Today started with a two hour drive to cover the fifty kilometres from my hotel to Beijing Xiangtang International Agricultural Sightseeing Garden, a rather long-winded name for a holiday camp located just north of the Chinese capital. The weather was glorious, with a clear blue sky and light breeze, but the gates of the amusement area were padlocked. There was a sign up in the ticket window advising that the park opens on weekends, but apparently not those in late October. I spent ten minutes taking photographs through the fencing before deciding to cut my losses.
26th October 2013
It took another hour to get to Yexian Park, a tourist area located on the side of a mountain in Miyun, about sixty kilometres north of Beijing. On arrival I found a temple complex full of people burning incense, a scenic overlook, a collection of statues, and a small amusement park. The latter was located about three hundred metres to the left of the main entrance. While everything was open today, there was an unexpected problem in that both coasters needed a minimum of two people to operate. The ticket seller refused to sell individual tickets, and when I asked for two, the answer remained no.
I decided to go stand half way up the stairs to Roller Coaster (#1986) in the hope that it'd attract a few others to follow, and sure enough it did. None of us had ride tickets, but that didn't seem to matter to the ride operator who was happy to let us on board with the appropriate payment in cash. This ride, branded a Jet Coaster by Beijing Shibaolai, looked and felt like a copy of the trains and track system pioneered by Anton Schwarzkopf, albeit with an original layout. The ride was surprisingly smooth, and punctuated by several pops of airtime and some strong laterals. In short, it was against all expectations, rather good.
Getting on the Golden Horse Spinning Coaster (#1987) proved far more problematic, as nobody else seemed to want to ride. In the end I was forced to rely on my powers of negotiation and possibly a sympathy vote from an operator who put down his book long enough to send one car around the track.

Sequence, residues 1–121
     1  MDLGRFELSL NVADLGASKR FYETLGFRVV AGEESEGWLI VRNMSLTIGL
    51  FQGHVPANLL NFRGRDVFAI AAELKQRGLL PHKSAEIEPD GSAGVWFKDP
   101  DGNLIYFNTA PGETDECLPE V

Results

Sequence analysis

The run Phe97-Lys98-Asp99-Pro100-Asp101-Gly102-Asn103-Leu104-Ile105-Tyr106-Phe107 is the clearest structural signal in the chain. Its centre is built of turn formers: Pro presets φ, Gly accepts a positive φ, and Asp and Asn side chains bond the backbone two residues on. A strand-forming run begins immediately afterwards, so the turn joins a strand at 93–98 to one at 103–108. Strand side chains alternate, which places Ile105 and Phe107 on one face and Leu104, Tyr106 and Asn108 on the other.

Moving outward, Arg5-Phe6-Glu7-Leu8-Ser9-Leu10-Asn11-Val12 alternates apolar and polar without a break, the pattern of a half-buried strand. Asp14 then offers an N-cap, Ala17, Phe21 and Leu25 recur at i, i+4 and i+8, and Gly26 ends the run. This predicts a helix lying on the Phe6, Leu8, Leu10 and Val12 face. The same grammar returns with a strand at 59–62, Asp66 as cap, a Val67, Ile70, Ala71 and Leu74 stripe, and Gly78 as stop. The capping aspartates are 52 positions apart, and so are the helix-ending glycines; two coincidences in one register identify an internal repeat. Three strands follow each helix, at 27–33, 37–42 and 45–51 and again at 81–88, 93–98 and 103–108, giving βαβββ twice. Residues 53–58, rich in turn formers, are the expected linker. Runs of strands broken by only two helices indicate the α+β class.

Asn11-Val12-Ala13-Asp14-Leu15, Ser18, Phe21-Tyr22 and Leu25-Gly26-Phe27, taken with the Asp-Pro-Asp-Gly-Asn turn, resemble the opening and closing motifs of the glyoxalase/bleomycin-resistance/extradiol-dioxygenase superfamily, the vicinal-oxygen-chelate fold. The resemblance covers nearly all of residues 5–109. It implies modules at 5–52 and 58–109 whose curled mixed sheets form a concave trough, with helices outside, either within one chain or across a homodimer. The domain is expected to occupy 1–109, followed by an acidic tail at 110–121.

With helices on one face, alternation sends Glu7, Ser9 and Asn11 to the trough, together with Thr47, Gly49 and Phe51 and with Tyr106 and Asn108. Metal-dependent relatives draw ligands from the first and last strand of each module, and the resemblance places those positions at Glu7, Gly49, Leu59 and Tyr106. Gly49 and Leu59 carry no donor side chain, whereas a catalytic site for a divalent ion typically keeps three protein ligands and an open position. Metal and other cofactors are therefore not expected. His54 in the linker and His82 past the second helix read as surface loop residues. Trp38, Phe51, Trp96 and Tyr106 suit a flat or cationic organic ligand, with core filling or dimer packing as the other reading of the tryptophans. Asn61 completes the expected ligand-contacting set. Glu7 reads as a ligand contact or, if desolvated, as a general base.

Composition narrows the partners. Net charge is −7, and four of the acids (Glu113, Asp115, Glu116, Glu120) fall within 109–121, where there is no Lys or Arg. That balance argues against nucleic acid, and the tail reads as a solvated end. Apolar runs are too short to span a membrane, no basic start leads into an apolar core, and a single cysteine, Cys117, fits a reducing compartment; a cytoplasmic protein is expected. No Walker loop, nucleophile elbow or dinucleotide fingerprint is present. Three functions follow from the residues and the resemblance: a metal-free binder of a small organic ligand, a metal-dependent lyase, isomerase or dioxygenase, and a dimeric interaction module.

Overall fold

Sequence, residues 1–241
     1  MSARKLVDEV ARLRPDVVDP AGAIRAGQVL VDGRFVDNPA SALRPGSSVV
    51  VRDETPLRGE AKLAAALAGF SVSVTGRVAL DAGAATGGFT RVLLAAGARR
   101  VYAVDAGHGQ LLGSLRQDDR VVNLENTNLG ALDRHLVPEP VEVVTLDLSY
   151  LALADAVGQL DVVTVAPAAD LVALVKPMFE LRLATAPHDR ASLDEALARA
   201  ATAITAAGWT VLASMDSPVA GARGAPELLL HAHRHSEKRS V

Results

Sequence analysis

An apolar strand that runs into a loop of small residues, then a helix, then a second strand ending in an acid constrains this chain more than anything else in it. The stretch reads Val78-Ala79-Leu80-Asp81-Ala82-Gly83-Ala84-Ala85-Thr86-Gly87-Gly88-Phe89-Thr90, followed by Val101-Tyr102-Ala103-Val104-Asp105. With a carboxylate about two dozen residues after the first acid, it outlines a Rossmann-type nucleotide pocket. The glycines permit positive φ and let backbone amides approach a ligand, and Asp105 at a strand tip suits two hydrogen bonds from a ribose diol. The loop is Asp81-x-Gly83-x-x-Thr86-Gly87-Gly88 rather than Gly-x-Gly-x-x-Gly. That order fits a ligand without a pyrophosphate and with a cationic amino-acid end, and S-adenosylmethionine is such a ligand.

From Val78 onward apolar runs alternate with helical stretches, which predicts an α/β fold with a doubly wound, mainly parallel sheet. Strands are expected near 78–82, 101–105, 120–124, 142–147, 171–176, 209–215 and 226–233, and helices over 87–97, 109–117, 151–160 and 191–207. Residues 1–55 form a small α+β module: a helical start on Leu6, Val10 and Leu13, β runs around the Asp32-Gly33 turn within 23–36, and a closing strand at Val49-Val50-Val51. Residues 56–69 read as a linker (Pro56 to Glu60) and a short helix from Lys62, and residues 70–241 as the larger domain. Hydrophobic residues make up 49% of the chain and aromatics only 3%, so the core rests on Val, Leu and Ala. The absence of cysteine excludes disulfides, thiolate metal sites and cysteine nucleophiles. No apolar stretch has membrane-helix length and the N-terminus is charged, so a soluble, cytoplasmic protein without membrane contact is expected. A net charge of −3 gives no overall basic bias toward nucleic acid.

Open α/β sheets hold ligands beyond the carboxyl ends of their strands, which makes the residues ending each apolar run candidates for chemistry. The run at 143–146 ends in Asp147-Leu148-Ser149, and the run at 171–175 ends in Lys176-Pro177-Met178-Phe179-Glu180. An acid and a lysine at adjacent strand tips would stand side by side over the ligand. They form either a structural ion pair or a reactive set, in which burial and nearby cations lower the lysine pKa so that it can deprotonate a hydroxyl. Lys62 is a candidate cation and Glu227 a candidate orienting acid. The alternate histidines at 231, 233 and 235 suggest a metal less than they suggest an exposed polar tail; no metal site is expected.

Crab Island Children's Theme Park
26th October 2013
Crab Island Resort is a large holiday camp with accommodation, two amusement parks, indoor fishing (!), and a number of restaurants. It is also home to a number of quite entertaining warning signs, the best of which advised a prohibition on cellphone use during thunderstorms. My driver let me out at the main parking area, which my GPS watch indicated was a little over a kilometre from the adult rides.
I'd planned to skip the children's area, but my walk went directly past it so I figured I'd step in there for five minutes. Spinning Yacht was closed and looked to have been so for some time. However, I was able to ride the powered Fruit Worm Coaster, which, though not countable, may possibly annoy some Mancunian somewhere.
Crab Island Resort
26th October 2013
The larger amusement area in Crab Island operates on the same pay per ride basis as the children's area, though there are also some combination tickets available. In a bizarre move, however, tickets are only sold at a booth located outside of the park, a good five minutes walk from the bigger rides. The signage was all in Chinese, forcing me to use a photograph to indicate what I wanted needed; a single ticket for the Hanging Roller Coaster (#1988).
It was obvious that this ride was going to hurt even before we left the station, as my restraint was very tight across my shoulders with no room to move at all. The lift hill and first drop were okay, but the first inversion inflicted a hard punch in my stomach, and there were still three more to go. It was a major relief when we arrived at the brake run; after all, it is traditional for those experiencing hanging to end up dead.
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